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‘Don’t oversell your products,’ says IOSCO’s secretary-general, Martin Moloney

Head of global regulatory body talks ISSB, regulation and why better corporate reporting is the key to stopping greenwashing.

The International Organization of Securities Commissions, known as IOSCO, put out its first ever sustainable finance work plan earlier this month.

The global body, whose members regulate more than 95 percent of the world’s financial markets, has become increasingly vocal in recent months about the threat posed to investors by greenwashing, publishing two reports on the issue in November. It is no surprise then that the topic is of central concern in its recently unveiled plan.

IOSCO’s secretary-general, Martin Moloney, a former special adviser on risk and regulation to the Central Bank of Ireland, tells RI that the key to dealing with greenwashing is “good quality, comparable assured information”.

“What we have said to the whole market is good corporate reporting on sustainability data is the core of the issue, fix this and the problem of greenwashing will be capable of being solved. Don’t fix this and greenwashing will continue,” he says.

Reliable data from companies will be the “base of the inverted pyramid upon which the whole of the sustainable finance market will be built”, Moloney adds, but stresses that this doesn’t mean the industry can afford to wait for the establishment of corporate reporting standards to act.

“I think they recognise that they’ve got investment mandates today that require them to do certain things in relation to ESG criteria, and they have a relationship of trust with their clients… Therefore they need to be willing to respond and engage today to develop better ways of doing things,” he says.

IOSCO’s first November report addressed asset managers, calling for tighter regulation around product-level sustainability disclosures, while the second recommended that ESG data and ratings providers be placed under the remit of securities regulators.

Moloney says transparency with clients was at the “heart” of both reports.

“Don’t oversell your products. Don’t pretend that your products reach a certain level of accuracy. Even with the best will in the world, even if you have invested in putting in place a great ESG team and they’re doing the best research they can, you still know that there are risks, flaws and failings around the information as it stands.”

These limitations should be made evident to investors “so they can make their choices clearly”, Moloney adds.

Market backing

IOSCO’s criticisms appear to have been accepted by the market. “No one has come back and said to us, ‘No, you’re wrong, the situation is significantly better than you’ve described it,’” Moloney says.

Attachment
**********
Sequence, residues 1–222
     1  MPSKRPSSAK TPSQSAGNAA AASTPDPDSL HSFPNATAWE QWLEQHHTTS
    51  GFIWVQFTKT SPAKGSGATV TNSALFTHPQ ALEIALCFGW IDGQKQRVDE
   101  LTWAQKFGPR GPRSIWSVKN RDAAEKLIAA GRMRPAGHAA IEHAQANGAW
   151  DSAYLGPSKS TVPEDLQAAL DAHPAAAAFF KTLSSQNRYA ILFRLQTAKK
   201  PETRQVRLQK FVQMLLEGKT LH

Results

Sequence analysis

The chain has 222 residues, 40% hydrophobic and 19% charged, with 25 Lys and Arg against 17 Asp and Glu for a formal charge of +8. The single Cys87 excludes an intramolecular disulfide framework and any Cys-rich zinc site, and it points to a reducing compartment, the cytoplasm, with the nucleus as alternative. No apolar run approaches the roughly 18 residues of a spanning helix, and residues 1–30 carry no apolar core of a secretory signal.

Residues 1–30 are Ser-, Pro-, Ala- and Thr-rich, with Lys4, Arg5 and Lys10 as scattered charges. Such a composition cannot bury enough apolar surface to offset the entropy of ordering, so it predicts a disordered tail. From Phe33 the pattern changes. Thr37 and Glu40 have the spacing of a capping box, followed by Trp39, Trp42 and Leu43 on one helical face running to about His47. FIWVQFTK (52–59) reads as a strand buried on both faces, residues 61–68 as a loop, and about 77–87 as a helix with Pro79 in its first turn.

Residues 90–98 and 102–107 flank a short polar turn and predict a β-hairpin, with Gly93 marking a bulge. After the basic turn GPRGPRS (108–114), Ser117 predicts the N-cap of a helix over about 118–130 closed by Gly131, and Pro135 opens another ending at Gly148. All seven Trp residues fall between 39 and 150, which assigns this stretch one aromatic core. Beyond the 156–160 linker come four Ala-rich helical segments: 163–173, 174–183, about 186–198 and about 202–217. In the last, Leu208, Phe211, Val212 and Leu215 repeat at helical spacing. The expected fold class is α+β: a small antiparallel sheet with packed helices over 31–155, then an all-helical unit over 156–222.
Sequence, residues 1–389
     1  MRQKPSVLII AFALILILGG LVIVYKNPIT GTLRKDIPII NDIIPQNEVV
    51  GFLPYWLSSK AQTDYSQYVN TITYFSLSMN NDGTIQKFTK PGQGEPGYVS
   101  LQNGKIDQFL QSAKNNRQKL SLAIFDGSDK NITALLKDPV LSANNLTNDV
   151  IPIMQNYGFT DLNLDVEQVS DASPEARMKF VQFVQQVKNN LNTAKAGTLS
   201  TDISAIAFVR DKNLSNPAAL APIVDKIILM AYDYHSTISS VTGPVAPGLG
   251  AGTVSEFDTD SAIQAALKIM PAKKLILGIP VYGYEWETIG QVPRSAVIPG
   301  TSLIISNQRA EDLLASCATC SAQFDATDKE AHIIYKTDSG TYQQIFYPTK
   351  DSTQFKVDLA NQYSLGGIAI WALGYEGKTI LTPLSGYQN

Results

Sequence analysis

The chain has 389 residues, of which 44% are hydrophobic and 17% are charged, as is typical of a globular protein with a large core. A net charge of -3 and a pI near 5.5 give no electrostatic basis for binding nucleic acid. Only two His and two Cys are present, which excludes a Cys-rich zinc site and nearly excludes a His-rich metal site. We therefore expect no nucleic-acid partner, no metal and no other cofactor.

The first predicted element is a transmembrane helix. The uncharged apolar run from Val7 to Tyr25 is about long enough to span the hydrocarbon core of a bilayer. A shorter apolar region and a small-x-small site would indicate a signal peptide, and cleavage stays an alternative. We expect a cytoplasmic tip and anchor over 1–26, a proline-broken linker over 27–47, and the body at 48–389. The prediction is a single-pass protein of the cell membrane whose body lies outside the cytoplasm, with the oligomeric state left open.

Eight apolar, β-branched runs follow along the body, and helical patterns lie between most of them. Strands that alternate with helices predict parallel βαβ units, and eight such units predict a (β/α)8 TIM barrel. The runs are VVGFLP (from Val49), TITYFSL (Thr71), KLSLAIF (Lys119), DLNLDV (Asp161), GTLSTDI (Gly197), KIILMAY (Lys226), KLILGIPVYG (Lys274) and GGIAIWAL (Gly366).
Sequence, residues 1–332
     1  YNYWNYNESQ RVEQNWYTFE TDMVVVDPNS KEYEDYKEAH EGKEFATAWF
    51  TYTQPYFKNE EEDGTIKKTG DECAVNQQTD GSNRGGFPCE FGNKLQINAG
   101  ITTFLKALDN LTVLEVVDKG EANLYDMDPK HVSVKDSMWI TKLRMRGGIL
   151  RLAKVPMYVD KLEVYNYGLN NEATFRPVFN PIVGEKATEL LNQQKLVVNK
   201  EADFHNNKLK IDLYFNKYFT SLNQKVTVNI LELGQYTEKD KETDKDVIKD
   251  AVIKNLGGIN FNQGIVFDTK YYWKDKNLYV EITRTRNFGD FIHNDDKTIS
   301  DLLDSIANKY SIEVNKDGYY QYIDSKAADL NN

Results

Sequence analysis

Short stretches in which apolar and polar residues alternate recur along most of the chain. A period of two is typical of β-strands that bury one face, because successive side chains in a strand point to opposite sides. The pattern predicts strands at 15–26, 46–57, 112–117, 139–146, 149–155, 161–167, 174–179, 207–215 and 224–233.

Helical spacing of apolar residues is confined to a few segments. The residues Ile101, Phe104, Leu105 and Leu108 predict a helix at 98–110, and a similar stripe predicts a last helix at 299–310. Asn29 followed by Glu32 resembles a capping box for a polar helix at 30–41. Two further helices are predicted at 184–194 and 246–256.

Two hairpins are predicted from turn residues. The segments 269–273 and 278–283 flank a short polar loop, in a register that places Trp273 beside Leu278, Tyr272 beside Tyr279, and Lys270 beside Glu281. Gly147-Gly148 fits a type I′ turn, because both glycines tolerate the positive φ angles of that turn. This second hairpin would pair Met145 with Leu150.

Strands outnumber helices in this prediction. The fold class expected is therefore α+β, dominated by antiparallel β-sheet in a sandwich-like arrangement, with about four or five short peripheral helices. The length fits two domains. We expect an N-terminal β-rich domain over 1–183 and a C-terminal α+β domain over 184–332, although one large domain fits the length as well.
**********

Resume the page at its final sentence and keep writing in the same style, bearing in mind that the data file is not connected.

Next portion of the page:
IOSCO promised a “timely and thorough review” of the draft disclosure standards from the International Sustainability Standards Board (ISSB), published today, as part of the body’s 2022 work plan. ISSB was launched in November by the International Financial Reporting Standards (IFRS) with the task of developing a global baseline for corporate sustainability reporting.

Reacting to the proposals, IOSCO said today that its “endorsement of the final standards once these are issued by the ISSB would be a landmark in sustainable finance; it would support IOSCO members as they consider how to adopt, apply, or be informed by the ISSB standards as the baseline for their own sustainable reporting requirements”.

Speaking before the draft standard was published, Moloney said he believed the “ISSB has come up with a pretty good approach in terms of enterprise value” and one that is “more complex” than some claim. Critics “seem at times to fall into the error of thinking that what the ISSB is proposing is a single materiality concept”. Single materiality is consideration of how sustainability impacts a company’s valuation.

What a universal baseline focused on enterprise value allows, according to Moloney, is different jurisdictions and regions to go further if they want to – such as the EU’s pursuit of a more progressive ‘double materiality’ approach, whereby reporting standards also seek to capture a company’s sustainability impacts.

Moloney tells RI that a global standard should not prevent jurisdictions from bolting on additional layers to their disclosure requirements, adding that based on his conversations with European policymakers that “they are not overly concerned by what the ISSB are doing” nor do they see it as “an obstacle to their ambitions”.

The difference between double materiality and enterprise value, Moloney believes, will also “shrink” as governments get more committed to sustainability investment programmes. Increasingly, he says, “the sustainability of your business model will become material to the enterprise and to its financial value”.

IOSCO also announced plans to double down on its efforts to develop assurance standards to assess the quality of corporates’ sustainability disclosures. While not quite as time sensitive as its work on the ISSB standards, “we will have to get there because there are two definite legs to the project”, explains Moloney. “One is having a standard against which corporates report, and the second is having independent assurance of the quality of that reporting.”

Moloney describes the work on corporate reporting standards as a multi-year effort. There are “many people who will say that we must move faster… [but] if we get to a point where, by 2025, we will have resolved this question of generating high quality corporate reporting on climate, I would be hugely pleased”.